Business and Consumer Tips - 1.2 Gone Phishing
Operating online can open up a world of opportunities for businesses and individuals. But it can also open up users to a world of risk. auDA’s Director Technology, Security and Strategy Rachael Falk discusses one of the most common methods criminals use to steal sensitive personal and business information: phishing.
Originally published at Techworld Australia.
A phishing email (or sometimes a SMS or instant message) is a message purporting to be from a usually large, trustworthy organisation or government department. These emails or messages often invite you to open a link or attachment that will either lead you to a malicious website or install malicious software — malware — on your device.
When you click on the link, and it goes to a malicious website, it may be designed to look as genuine and innocuous as the real website. However, it will encourage you to enter confidential details like name or password or date of birth, which may be captured and sent to the scammers.
Phishing emails all have one thing in common: they ask you to click on a link or attachment.
Authorities and cyber experts have been warning internet users about phishing scams for many years — we first saw them in Australia in 2003 — but an ever-increasing level of sophistication on the part of cyber criminals means internet users need to stay alert.
While some phishing scams are still unsophisticated, replete with spelling errors and incorrectly formatted graphics, many of today’s phishing messages can look every bit as convincing as legitimate emails. Even expert computer users having difficulty discriminating between scams and the real thing.
In an effort to gain the trust of unsuspecting victims, phishing emails will often purport to be from some of Australia’s largest and most recognised names, such as banks. The most effective phishing emails or messages use similar language and graphics to what you’d expect the real deal to look like and, according to the ACCC, have cost Australians more than $260,000 in 2017 alone.
While phishing is one of the most widespread cybercrimes, it’s also one of the easiest to thwart.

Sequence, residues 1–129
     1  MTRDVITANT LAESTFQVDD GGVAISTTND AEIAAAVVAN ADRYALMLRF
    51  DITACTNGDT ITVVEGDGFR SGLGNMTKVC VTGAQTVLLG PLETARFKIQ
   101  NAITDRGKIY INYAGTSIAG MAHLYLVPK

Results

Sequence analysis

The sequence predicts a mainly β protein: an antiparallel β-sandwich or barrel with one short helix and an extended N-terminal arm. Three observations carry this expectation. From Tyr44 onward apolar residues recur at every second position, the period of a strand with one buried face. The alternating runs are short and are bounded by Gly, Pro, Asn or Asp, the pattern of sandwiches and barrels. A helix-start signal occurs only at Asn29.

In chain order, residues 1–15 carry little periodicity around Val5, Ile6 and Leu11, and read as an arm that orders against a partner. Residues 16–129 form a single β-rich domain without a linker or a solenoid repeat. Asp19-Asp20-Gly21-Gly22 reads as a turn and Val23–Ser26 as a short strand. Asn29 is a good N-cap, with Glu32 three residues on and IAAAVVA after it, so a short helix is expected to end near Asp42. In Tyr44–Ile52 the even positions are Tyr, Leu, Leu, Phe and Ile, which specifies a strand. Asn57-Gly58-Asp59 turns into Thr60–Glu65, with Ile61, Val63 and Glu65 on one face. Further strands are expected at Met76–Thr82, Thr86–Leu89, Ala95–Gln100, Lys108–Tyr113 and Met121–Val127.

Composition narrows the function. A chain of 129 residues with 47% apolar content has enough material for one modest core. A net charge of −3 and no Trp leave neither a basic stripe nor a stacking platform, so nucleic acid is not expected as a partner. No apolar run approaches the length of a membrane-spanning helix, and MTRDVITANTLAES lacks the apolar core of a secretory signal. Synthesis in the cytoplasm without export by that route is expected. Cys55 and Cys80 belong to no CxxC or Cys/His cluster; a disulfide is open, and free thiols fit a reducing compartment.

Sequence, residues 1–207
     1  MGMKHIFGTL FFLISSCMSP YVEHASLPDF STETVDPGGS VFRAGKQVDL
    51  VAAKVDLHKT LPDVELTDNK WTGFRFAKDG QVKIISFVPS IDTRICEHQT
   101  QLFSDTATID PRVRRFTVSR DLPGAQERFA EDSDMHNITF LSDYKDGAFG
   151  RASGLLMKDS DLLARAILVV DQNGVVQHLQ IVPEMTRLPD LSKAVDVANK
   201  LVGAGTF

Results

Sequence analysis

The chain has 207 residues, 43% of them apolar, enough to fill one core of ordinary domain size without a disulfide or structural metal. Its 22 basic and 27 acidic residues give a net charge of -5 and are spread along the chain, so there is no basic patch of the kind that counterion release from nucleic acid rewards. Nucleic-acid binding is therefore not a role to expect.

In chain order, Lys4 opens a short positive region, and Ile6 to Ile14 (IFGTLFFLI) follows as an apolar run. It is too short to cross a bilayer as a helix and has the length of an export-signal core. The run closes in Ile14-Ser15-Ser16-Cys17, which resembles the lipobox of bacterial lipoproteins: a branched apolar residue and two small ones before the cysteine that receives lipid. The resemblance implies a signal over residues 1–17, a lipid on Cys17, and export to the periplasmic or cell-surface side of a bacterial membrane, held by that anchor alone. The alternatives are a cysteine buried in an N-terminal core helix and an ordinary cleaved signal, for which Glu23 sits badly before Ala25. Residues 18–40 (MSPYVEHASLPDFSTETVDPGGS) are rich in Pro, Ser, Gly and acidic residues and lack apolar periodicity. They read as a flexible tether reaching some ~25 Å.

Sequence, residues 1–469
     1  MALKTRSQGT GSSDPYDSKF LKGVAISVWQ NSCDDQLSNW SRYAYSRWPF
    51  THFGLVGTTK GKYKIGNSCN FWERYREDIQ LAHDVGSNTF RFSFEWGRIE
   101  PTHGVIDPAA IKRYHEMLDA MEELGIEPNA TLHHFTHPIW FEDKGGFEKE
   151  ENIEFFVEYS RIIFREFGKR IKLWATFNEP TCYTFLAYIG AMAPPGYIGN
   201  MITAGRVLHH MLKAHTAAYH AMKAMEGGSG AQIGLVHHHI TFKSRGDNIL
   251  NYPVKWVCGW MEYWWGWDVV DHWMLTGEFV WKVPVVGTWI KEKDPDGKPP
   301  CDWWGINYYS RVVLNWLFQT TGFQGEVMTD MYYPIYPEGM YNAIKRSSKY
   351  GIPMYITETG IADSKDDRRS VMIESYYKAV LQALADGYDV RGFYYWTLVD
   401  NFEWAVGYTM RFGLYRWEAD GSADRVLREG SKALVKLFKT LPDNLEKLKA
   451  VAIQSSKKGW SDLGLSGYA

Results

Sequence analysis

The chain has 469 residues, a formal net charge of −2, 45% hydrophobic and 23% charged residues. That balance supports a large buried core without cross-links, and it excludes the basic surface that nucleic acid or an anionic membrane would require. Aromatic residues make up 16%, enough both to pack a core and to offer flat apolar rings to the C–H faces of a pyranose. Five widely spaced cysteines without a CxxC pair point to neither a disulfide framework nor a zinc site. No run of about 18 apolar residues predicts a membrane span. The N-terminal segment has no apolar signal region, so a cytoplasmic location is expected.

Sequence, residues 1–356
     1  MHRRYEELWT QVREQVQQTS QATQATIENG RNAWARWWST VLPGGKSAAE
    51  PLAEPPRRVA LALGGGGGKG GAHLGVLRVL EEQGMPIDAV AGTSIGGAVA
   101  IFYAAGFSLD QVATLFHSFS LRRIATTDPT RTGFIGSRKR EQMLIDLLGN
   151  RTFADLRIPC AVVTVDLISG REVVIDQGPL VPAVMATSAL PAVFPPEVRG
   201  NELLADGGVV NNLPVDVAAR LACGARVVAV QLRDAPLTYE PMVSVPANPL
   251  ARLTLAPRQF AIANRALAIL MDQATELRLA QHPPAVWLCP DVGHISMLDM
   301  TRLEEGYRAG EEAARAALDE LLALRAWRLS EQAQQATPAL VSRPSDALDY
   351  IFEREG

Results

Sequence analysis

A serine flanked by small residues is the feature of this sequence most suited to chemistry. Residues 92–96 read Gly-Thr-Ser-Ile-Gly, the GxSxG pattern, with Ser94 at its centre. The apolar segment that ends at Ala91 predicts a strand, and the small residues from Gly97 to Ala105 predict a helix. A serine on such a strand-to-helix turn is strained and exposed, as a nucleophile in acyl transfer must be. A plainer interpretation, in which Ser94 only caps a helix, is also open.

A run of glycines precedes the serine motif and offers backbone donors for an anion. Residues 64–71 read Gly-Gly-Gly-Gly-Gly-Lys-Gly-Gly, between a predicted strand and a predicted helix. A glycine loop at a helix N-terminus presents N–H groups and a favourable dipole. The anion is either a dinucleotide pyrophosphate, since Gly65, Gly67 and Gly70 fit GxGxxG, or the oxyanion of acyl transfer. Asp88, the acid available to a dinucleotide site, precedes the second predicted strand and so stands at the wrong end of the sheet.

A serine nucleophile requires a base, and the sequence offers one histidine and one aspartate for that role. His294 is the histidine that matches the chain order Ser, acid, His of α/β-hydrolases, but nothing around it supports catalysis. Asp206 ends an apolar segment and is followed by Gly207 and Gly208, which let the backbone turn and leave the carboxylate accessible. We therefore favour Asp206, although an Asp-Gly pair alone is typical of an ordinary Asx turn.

At its simplest, don’t click on links in unexpected emails or messages. For even better security, don’t click on any links in any emails. Instead, go directly to the sender’s website in a browser and log in to view any details that way.
While avoiding clicking links in emails can protect you from phishing scams, it is unfortunately inconvenient in practice. One way around this is to check the URL of links in emails before clicking on them. If, for instance, you receive an email purporting from XYZ Bank, it would be reasonable to expect any links in the email to link to xyzbank.com.au. If the links do not, it does not necessarily indicate that the email is a phishing email — organisations have many reasons to use domains other than their own main domain — but it would be worth visiting XYZ Bank’s website directly, or if clicking through the link, not entering any personal details on the resulting page.
If you are in any doubt about the veracity of an email you have received, the simplest action is no action: don’t click on any links and either visit the genuine website of the business or contact the business directly. While there isn’t any single indicator of a phishing email, a glance at the email, the sender and any links may raise red flags that the email is malicious. Interacting online need not be inherently unsafe and following these simple steps, you can ensure you have safe and productive interactions online.